What a double-edged sword honesty and truth can be!
We all say we want to be "truthful" and to be told the truth..
But do we really?
If we're really honest with ourselves about our relationships, when it comes down to it, the "truth" we usually want to hear is the one we agree with.
Awhile ago, we caught the 2009 movie "The Invention of Lying" and although we agree with the reviewers that it's not the best film we've seen...
It did have a few things to say about lying and telling the truth.
In the film, we saw and felt what it might be like if everyone told their truth in every moment. In fact, they couldn't tell a lie--except for one person.
The result of all this truth-telling was pretty uncomfortable at times for the people involved--even if it was funny to watch.
The "truth" is that in most relationships--
One or both of you dance around the truth or omit things that are important to you because you don't think your partner will like them and will get upset.
When you do this, you are putting up walls to intimacy and barriers to deeper connection--no doubt about it.
But you don't want to hurt the other person with honesty and with every thought you think, right?
What we ALL do to greater or lessor degrees in our relationships is to NOT tell the "whole" truth with the people in our lives and most importantly...
We don't usually want them to tell us the whole truth either, especially if it's uncomfortable to hear it.
If everybody was completely honest (judgments included) in ALL their communication, it might just be too painful.
So, what we're saying is...
If we're really honest with ourselves, there's a payoff for not being completely honest in our relationships.
We get to make sure we don't hurt anyone and they won't hurt us as well. (Well maybe in the short term.)
But is this NOT being completely honest good or bad for creating close, connected relationships?
This leads us to a question around this topic that we're guessing you can identify with because we've coped with this one ourselves and it's also a question that many of our "Relationship Breakthrough" coaching clients have had as well...
***QUESTION FROM A READER ABOUT HONESTY:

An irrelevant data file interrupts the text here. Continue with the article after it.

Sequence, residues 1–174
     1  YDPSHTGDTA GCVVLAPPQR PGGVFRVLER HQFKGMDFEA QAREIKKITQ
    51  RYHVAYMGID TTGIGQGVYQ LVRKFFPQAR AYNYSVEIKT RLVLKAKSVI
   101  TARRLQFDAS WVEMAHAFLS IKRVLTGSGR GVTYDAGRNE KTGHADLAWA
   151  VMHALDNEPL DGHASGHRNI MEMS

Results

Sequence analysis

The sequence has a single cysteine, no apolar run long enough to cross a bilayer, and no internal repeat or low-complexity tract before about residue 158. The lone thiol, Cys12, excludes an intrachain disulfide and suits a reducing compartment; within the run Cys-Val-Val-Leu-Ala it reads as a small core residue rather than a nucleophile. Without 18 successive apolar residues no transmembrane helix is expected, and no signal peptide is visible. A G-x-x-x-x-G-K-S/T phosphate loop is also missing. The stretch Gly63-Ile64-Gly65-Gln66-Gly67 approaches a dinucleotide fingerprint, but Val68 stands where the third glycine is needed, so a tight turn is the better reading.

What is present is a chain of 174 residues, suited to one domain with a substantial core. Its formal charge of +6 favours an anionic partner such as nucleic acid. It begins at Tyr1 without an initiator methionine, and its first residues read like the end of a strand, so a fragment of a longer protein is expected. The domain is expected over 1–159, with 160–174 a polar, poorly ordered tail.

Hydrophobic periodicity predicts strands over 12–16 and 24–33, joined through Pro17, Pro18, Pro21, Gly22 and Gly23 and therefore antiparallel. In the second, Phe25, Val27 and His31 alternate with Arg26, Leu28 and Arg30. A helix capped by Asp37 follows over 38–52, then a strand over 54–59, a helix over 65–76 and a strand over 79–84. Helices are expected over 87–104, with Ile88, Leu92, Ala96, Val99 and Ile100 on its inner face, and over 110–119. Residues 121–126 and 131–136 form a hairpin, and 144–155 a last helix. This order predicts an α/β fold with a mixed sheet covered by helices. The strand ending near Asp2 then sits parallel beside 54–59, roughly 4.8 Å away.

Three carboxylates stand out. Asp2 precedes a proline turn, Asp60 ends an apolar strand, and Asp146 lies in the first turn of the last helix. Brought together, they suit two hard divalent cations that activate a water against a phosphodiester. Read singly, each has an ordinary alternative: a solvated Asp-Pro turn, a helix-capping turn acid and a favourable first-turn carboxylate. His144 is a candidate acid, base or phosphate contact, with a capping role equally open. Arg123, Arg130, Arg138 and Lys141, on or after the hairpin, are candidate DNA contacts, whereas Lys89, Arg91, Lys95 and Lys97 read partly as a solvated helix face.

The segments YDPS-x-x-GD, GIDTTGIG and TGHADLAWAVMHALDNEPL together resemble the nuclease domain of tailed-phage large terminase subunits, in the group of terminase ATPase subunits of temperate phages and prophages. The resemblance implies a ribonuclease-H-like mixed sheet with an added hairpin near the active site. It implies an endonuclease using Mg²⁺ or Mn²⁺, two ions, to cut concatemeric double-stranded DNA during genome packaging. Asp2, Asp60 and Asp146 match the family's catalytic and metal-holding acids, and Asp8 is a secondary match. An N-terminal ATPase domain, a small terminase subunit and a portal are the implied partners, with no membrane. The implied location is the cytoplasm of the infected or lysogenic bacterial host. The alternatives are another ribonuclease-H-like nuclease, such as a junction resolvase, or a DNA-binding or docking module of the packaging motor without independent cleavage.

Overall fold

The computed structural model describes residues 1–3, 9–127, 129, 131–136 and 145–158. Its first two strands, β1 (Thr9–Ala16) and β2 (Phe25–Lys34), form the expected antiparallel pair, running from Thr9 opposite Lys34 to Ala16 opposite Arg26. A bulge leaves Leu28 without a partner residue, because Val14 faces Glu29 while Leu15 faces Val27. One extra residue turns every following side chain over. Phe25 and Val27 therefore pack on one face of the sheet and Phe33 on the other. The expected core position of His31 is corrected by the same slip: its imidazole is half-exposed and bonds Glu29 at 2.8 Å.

"How do you keep honesty and intimacy in relationships without becoming upset when told the truth?"
We all know that it's a piece of cake to be honest with someone or to really hear what another person says if you think the message is something you both agree with and neither one of you finds objectionable.
It's EASY to be truthful.
But what if you have to tell someone something that might be upsetting or even make that person angry?
And what if someone tells you something that you'd rather not hear or believe?
Not as comfortable to tell or hear the truth, right?
It's the way many of us are made up--to not want to be hurtful and to get along.
But what happens when we disagree with someone--someone we love--or he or she disagrees with us?
Some of us hint at the truth or completely ignore it, hoping that it will go away without ever letting the other person know how we really feel--just to keep the peace or any other reason.
When this happens, it pushes the two of you further from love, intimacy and connection.
When the two of us first came together, we made an agreement that we would be totally honest with each other so that we could keep our passion and connection alive.
We had both done it the other way and knew that it didn't work so we wanted to be sure we didn't make that same mistake twice.
It sounded like a good agreement but when we started putting it into practice, it wasn't as easy as it seemed--even though there was and is great love between us.